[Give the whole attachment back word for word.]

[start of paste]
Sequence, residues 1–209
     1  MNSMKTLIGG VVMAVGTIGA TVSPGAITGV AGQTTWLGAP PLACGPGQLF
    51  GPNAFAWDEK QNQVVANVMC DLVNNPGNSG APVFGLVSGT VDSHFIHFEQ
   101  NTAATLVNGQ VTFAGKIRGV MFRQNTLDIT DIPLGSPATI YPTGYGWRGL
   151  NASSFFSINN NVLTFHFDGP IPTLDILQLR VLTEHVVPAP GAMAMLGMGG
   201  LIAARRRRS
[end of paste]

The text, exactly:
Sequence, residues 1–209
     1  MNSMKTLIGG VVMAVGTIGA TVSPGAITGV AGQTTWLGAP PLACGPGQLF
    51  GPNAFAWDEK QNQVVANVMC DLVNNPGNSG APVFGLVSGT VDSHFIHFEQ
   101  NTAATLVNGQ VTFAGKIRGV MFRQNTLDIT DIPLGSPATI YPTGYGWRGL
   151  NASSFFSINN NVLTFHFDGP IPTLDILQLR VLTEHVVPAP GAMAMLGMGG
   201  LIAARRRRS